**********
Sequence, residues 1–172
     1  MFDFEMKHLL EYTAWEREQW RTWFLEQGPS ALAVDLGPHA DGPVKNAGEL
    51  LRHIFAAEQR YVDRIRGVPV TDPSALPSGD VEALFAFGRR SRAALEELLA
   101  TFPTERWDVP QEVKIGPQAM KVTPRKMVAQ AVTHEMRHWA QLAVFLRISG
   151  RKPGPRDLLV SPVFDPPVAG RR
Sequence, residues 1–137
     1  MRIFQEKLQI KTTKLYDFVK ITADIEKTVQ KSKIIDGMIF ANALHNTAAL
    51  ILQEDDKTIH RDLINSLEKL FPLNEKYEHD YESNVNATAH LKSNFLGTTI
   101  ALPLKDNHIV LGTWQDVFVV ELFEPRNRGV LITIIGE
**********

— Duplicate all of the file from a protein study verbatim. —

Sequence, residues 1–172
     1  MFDFEMKHLL EYTAWEREQW RTWFLEQGPS ALAVDLGPHA DGPVKNAGEL
    51  LRHIFAAEQR YVDRIRGVPV TDPSALPSGD VEALFAFGRR SRAALEELLA
   101  TFPTERWDVP QEVKIGPQAM KVTPRKMVAQ AVTHEMRHWA QLAVFLRISG
   151  RKPGPRDLLV SPVFDPPVAG RR
Sequence, residues 1–137
     1  MRIFQEKLQI KTTKLYDFVK ITADIEKTVQ KSKIIDGMIF ANALHNTAAL
    51  ILQEDDKTIH RDLINSLEKL FPLNEKYEHD YESNVNATAH LKSNFLGTTI
   101  ALPLKDNHIV LGTWQDVFVV ELFEPRNRGV LITIIGE